This weekend, the vice chairman of the Arizona Republican Party resigned after his comments about sterilizing Medicaid recipients were publicized by state Democrats. "You put me in charge of Medicaid, the first thing I'd do is get Norplant, birth-control implants, or tubal ligations," Russell Pearce said on his radio show, according to a transcript from the Arizona Republic. "Then we'll test recipients for drugs and alcohol, and if you want to [reproduce] or use drugs or alcohol, then get a job." Pearce is a former state senator, and the author (or co-author, since the legislation was drafted in heavy consultation with the private prison industry) of Arizona's sweeping anti-immigrant law, SB 1070.
Arizona's Republican nominees for governor, secretary of state, attorney general and its Congressional candidates denounced Pearce's remarks. "This was a mistake," Pearce wrote in a statement announcing his resignation. "This mistake has been taken by the media and the left and used to hurt our Republican candidates."
Pearce's proposal was abhorrent, but it also laid bare the dehumanizing logic of Republican programs that punish the poor. If the GOP wants to distance itself from punitive and invasive policies that hurt low-income families, they should look in the mirror and start slowly backing away from their reflections.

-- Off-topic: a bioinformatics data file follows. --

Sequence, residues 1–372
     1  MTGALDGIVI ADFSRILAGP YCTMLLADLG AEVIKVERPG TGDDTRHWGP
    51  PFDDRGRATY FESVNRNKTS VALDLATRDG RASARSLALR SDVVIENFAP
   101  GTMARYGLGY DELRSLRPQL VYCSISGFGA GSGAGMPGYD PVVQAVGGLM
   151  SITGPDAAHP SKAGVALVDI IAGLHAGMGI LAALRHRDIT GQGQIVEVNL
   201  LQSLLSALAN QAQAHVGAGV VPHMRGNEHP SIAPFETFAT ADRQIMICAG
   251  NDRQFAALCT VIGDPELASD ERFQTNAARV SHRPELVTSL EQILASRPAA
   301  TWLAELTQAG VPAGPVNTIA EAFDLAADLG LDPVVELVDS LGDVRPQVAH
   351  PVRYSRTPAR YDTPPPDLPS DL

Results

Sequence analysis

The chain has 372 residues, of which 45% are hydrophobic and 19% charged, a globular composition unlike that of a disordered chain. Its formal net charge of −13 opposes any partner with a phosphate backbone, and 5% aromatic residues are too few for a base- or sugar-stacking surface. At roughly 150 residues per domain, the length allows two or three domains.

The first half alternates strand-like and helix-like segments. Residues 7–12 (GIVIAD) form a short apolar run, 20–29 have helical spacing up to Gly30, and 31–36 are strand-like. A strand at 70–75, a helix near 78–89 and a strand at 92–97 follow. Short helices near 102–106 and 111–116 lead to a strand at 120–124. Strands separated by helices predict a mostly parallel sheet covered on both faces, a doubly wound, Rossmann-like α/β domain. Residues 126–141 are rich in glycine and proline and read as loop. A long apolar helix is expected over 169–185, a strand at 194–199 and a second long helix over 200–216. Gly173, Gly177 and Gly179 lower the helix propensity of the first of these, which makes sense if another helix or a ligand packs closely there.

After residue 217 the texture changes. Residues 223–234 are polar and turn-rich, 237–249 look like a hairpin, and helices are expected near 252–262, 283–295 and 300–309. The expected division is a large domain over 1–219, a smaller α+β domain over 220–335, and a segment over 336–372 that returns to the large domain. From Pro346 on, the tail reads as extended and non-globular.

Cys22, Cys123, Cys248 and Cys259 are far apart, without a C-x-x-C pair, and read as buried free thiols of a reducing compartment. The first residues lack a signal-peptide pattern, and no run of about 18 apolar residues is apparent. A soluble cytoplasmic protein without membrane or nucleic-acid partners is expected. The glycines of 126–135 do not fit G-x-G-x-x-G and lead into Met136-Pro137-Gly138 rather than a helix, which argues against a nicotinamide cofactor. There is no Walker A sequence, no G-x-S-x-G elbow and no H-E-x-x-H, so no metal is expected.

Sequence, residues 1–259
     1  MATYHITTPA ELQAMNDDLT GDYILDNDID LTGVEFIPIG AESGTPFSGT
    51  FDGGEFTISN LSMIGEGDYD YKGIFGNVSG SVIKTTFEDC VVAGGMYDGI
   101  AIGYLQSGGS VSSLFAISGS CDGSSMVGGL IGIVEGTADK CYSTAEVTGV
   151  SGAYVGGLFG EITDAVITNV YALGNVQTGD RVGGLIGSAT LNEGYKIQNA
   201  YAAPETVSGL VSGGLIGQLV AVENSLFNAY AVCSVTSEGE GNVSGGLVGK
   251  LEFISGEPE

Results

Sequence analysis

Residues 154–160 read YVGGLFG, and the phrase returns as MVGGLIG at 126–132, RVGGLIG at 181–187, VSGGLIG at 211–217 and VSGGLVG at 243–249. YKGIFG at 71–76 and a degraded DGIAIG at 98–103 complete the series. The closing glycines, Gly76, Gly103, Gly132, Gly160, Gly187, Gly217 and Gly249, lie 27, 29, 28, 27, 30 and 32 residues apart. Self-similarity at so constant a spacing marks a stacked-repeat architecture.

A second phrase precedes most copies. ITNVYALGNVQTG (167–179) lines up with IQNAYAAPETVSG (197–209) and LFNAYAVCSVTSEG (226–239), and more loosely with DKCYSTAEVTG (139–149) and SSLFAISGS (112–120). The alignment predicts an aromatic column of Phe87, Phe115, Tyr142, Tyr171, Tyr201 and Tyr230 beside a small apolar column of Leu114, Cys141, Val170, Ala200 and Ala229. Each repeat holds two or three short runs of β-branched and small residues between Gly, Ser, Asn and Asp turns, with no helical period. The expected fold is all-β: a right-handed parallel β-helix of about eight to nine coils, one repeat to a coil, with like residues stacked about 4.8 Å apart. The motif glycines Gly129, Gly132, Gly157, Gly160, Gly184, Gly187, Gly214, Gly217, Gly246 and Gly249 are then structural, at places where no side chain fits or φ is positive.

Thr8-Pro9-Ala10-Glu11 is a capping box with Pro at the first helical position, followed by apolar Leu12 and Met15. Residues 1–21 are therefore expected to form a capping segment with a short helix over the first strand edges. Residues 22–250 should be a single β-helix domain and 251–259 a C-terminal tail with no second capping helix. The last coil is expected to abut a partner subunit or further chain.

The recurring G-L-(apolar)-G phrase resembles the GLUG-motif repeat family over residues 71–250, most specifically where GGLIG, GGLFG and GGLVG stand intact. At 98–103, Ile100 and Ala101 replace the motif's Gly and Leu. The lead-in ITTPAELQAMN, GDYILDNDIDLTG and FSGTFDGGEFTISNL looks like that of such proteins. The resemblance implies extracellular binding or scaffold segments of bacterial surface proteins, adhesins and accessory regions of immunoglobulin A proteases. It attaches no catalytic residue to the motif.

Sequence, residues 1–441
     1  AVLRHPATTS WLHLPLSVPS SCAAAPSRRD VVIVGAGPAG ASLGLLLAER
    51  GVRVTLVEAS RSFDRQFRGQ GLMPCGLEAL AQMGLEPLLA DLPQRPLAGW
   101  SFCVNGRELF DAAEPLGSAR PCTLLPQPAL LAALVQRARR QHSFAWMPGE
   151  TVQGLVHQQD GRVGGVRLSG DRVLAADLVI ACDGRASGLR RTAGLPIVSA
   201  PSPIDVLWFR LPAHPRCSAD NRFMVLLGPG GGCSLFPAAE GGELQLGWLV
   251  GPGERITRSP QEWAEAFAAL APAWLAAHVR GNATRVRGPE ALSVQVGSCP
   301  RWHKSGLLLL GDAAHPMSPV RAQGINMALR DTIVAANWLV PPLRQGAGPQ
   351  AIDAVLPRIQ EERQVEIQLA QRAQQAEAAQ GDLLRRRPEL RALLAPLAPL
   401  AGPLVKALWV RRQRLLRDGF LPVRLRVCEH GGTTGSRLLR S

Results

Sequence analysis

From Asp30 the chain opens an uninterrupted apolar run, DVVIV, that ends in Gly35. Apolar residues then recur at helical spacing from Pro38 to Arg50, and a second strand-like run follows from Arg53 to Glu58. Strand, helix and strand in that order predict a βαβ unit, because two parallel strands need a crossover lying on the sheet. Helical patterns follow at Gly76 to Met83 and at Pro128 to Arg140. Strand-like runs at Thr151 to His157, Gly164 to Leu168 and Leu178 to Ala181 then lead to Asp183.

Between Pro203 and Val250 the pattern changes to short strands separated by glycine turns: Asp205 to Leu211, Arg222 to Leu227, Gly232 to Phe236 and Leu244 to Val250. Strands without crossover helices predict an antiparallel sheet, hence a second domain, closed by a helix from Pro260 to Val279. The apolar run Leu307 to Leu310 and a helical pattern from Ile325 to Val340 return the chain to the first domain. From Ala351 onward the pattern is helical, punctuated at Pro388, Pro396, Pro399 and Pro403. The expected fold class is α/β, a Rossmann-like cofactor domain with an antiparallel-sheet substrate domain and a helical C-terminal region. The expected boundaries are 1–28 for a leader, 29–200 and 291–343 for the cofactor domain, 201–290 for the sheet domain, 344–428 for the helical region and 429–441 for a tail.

A few things here. Pearce's idea isn't new. The United States has an ugly history of forced or otherwise coerced sterilization against people of color, the poor and others considered "unfit to procreate," including rape victims and people with disabilities. Between 1907 and 1980, nearly 65,000 Americans were sterilized under state-sponsored programs. In total, 31 states had sterilization programs that directly targeted welfare recipients. North Carolina recently acted to compensate victims of its forced sterilization program, which specifically targeted black women and children. (And last year, the Center for Investigative Reporting revealed that nearly 150 women in California's prison system were sterilized between 2006 and 2010, often without their knowledge or consent. The state legislature acted this year to end the program.)
That said, Pearce isn't the only Republican to float the idea of coercively sterilizing welfare recipients in recent years. And his proposal is hardly the only assault on low-income families in the state. Arizona, you'll remember, is where Shanesha Taylor was arrested after leaving her children in the car so she could attend a job interview. Taylor, like so many other mothers in the state, struggled to find reliable and affordable childcare after her state representatives gutted programs and funding for such care, as Annie-Rose Strasser of ThinkProgress reported at the time:
In the past four years, [Arizona] has cut 40 percent of its total child care budget, $81 million, which led to an estimated 33,000 children who would otherwise be eligible for subsidized care to go without it. (By the numbers, that’s less than California — but Arizona’s population is about one fifth of the Golden State’s.) Between 2012 and 2013, there was a decrease in the number of children served for every single child care program in the state except for Child Protective Services.